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Tributes paid to Buckie coach who inspired generations of New Zealand's young footballers

By Alan Beresford

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A FORMER Buckie Thistle player who went on to dedicate his life to developing grassroots football in New Zealand is being mourned.

Tributes have been pouring in for Malcolm Cowie, who passed away last Friday. Picture: St Kentigern College
Tributes have been pouring in for Malcolm Cowie, who passed away last Friday. Picture: St Kentigern College

Tributes are being paid to Malcolm Cowie, who passed away on Friday, October 23.

For over 30 years since he left Buckie in 1988 for a new life with St Kentigern College in Auckland, Mr Cowie became synonymous with nurturing school and youth football in a nation where the sport played a very distant second fiddle to the two rugby codes and cricket.

His selfless determination to see New Zealand's talented young footballers take their rightful place on the world stage earned him the royal honour of the New Zealand Order of Merit last year.

He was praised by New Zealand's Prime Minister Jacinda Ardern, who lauded his "outstanding contribution" to football in the country and thanked him on behalf of the whole nation.

Although aged 70 at the time, Mr Cowie was still working St Kentigern College as an old collegian liaison officer. Over three decades ago he instituted a football academy and brought the sport into the curriculum at St Kentigern on his arrival.

He not only fostered the growth of the national tournaments in New Zealand – there were only four in the whole country when he arrived – but took young players across the globe as the Kiwis started to qualify for tournaments, moving out of the shadow of their Antipodean neighbours, as well as embarking on tours.

Such was Mr Cowie's impact that the New Zealand Secondary Schools Football Assocation (NZSSFA) named a trophy after him – the Malcolm Cowie Cup – and he spoke of his pride at New Zealand gaining a seat on the Football Associations of International Boards, the only other non-European country to achieve this aside from Canada.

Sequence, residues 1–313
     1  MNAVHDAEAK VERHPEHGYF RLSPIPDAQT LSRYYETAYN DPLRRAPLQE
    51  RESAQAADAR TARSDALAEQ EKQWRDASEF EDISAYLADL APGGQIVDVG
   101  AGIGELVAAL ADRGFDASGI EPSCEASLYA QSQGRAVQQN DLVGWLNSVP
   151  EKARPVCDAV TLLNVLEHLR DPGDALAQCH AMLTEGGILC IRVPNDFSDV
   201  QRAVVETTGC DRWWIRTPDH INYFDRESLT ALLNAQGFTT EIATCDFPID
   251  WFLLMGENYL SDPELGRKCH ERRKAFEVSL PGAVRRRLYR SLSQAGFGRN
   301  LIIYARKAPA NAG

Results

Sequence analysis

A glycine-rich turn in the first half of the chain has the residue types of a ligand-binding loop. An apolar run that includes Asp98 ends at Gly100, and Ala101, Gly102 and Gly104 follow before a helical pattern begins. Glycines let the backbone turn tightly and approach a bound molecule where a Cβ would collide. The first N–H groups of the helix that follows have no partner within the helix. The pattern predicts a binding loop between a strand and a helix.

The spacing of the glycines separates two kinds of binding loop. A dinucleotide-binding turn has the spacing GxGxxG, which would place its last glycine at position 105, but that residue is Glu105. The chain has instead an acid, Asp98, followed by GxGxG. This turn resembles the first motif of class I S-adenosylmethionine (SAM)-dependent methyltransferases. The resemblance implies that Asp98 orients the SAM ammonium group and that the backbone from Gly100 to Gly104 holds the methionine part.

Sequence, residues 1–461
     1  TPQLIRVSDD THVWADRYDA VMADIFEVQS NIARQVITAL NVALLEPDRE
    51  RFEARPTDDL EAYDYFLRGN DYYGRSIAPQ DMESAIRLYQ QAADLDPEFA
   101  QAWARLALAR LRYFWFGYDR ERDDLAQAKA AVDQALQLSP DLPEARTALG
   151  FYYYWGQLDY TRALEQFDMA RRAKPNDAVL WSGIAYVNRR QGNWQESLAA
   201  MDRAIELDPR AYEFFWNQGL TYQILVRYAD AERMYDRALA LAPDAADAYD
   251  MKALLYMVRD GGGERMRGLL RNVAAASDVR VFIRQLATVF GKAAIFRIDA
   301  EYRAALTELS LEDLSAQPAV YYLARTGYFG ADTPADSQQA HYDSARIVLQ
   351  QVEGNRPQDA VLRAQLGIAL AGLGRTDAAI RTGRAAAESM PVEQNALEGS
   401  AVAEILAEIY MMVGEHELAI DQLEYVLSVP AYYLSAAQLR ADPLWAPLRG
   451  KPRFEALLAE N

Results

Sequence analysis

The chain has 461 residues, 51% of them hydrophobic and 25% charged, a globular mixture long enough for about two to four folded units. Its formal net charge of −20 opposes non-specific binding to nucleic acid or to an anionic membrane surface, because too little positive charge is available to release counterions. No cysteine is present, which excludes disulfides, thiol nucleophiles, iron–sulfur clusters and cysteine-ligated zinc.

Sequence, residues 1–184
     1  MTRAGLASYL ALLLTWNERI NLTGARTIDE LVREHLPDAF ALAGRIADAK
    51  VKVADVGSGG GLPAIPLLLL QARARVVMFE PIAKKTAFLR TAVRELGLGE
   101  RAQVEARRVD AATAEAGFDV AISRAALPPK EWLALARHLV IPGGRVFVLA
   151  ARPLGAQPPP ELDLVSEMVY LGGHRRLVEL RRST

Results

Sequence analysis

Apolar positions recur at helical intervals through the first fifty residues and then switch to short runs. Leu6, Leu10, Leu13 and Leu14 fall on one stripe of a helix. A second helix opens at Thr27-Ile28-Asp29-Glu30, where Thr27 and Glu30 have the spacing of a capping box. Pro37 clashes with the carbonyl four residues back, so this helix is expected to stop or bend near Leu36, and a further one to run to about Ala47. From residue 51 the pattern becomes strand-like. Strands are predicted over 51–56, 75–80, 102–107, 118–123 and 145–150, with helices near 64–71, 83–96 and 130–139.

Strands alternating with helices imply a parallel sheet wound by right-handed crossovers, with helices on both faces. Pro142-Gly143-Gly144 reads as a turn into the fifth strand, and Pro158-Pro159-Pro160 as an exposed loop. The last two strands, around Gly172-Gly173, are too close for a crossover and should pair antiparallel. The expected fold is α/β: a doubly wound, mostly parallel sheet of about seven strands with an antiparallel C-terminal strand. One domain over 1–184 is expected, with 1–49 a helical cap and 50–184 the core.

One of the many people at Buckie Thistle who remember Mr Cowie with great fondness is the club's director of football Graeme Tallis.

"I used to watch him play when I was a youngster and I remember him as a very good full back," he said.

"I also used to clean the team's boots back then!

"I met him nearly every year when he came home to visit as he came with his brother Willie to watch a game and it was always a pleasure to catch up with him.

"He will be sorely missed in the sports world and my thoughts go out to all his friends and family at this sad time."

There was much sadness at St Kentigern College where tribute was paid for his decades of loyal and inspirational service.

"His death is a tragic loss and he will be missed by all.

"Malcolm was a long-serving staff member of the college, joining in 1988. He has contributed significantly in many areas, including; physical education, Bruce Housemaster, Dean, sports, attending camps and field centres. He was a highly respected coach and manager, particularly in football, where his leadership contribution was at a national level.

"He has impacted countless young people and his death will touch many staff (past and present), students, old collegians and the wider community and we will seek to support and comfort others within our community at this time.

"Our thoughts and prayers are with his family and friends."

The NZSSFA spoke warmly of the revolutionary contribution Mr Cowie had made to both the standard and status of the country's youth football scene.

"Malcolm Cowie was NZSS Boys Football’s inaugural life member. This award was in recognition of Malcolm’s exceptional contribution of over 30 years to the provision of the best possible opportunities in football for secondary school students.

"Under Malcolm’s leadership and as a result of his vision, NZSS Football has achieved significant results both on and off the field.

"On the field, Malcolm has been instrumental in developing NZSS Football representative programs at under-15 and under-19 levels. This has included the organisation of a number of international tours to Australia, the United Kingdom, Europe, Korea, China, Malaysia and Thailand.

"Malcolm’s positive attitude, enthusiasm and strong management have contributed to the success and growth we have seen in football at secondary school level. During his reign, the number of national tournaments has increased from four to six and the number of teams participating annually from about 70 to 136.

"Our sincere condolences go to the family and his school community at Saint Kentigern College.

"Rest in peace Malcolm, you will be sorely missed."

Before heading Down Under, Mr Cowie was a weel kent face in the Highland League, having played for not only Buckie Thistle but also Peterhead, Inverness Caledonian and Keith. He also ventured into the world of management, taking up the hot seat at Nairn County and, just before he left Scotland, Elgin City.

Mr Cowie is due to be laid to rest on Sunday, November 8 after a service in Saint Kentigern Chapel.

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